Great Ideas for your Small Business:
Find the Right Communications Technology for Your Business
When it came time to consider the best kinds of communications technology for my business, I turned to an expert I can trust: my sister Amy Berger, founder of Berger Technology Research in Reseda, California.
Communicating with your customers is the most important thing for small business owners.
Here are some key devices and services to consider:
1. Cellular telephones.
In today’s mobile society, most business owners need a cell phone. They are getting cheaper every year and many companies offer excellent and flexible service plans, so you’ll want to shop around for the best deal. Digital phones are being superseded by PCS telephones.
PCS stands for “personal communications services.” PCS relies on radio frequencies that the FCC made available with- in the past few years. PCS frequencies are now available nationwide, but make sure they are in your area before you buy a phone.
There are many, many companies providing a confusing array of cellular phone services. Do your homework and ask other business owners which providers they use before signing a long-term service contract.
2. Multifunction boxes.
This telecommunications product looks like a printer with a scanner, but it can do four things: fax, print, copy, and scan. For about $800 retail, it’s a great deal for a small office. Hewlett-Packard and Canon make these affordable multifunctional machines.
3. Two-way pagers.
PageNet and Skytel sell pagers that can answer a message. With new technology and radio frequencies, users can send an alphanumeric message and receive a reply. Some pagers can hook up to your voice mail system for continual access to incoming phone calls.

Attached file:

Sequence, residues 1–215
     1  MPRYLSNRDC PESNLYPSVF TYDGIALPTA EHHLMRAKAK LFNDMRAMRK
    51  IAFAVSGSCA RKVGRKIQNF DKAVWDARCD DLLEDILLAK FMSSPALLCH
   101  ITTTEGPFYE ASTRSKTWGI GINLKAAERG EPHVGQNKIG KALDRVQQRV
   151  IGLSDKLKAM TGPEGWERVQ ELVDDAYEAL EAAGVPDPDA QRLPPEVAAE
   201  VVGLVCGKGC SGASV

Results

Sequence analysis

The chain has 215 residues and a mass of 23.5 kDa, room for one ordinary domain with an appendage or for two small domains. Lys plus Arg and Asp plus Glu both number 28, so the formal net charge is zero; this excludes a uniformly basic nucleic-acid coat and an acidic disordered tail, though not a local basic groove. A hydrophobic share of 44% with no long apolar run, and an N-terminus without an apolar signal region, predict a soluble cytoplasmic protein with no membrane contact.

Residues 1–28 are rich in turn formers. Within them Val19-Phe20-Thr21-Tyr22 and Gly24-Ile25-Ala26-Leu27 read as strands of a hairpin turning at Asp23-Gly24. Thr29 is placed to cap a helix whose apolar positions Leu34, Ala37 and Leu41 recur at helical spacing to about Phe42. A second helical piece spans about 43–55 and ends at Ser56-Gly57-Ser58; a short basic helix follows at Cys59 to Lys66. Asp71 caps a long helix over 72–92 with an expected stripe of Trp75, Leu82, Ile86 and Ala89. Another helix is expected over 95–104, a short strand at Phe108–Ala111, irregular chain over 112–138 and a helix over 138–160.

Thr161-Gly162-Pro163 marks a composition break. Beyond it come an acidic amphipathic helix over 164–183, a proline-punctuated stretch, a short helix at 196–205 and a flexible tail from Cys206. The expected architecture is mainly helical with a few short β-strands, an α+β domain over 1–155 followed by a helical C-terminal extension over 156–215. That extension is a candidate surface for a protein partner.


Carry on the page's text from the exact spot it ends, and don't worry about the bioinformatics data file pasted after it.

Again, there are many, many models and service providers, so look for reliability and solid equipment. E-mail pagers are also available.
4. Internet service providers.
There are more than 5,000 Internet service providers in the world, ranging from tiny businesses to AT&T.
The Internet provides access to unlimited information, e-mail, and electronic commerce. You can also link to individual customers’ websites and find all sorts of specialized business-support groups.
5. Personal digital assistants (PDAs).
These devices are the size of a small waffle. They typically have a small screen and a writing device—much like the Etch-A-Sketch you played with as a kid. Many PDAs have some kind of mini-keyboard and modem. They are portable companions to your personal computer, not a replacement, and must be hooked up by a wire or wireless communication.
What you create on a PDA can easily be downloaded into your PC. PDAs are good for people on the go who don’t want to lug around a laptop. PDAs are made by U.S. Robotics, Palm, Casio, Apple Computer, Sony, and Handspring.
6. Fax/modem card.
For less than $100, you can buy a modem/fax card that you can put into your PC. This dual- function device allows you to send and receive faxes, e-mail, and computer files. You need to leave your PC turned on to enjoy the benefits of a fax/modem card.
7. Wireless modems.
Another technology to consider is wireless communications devices, which transmit information to the nearest radio tower, then rely on land lines to connect a provider who relays the information to the client’s database.
This works well when you have lots of sales reps on the road who need to place orders with a quick turnaround.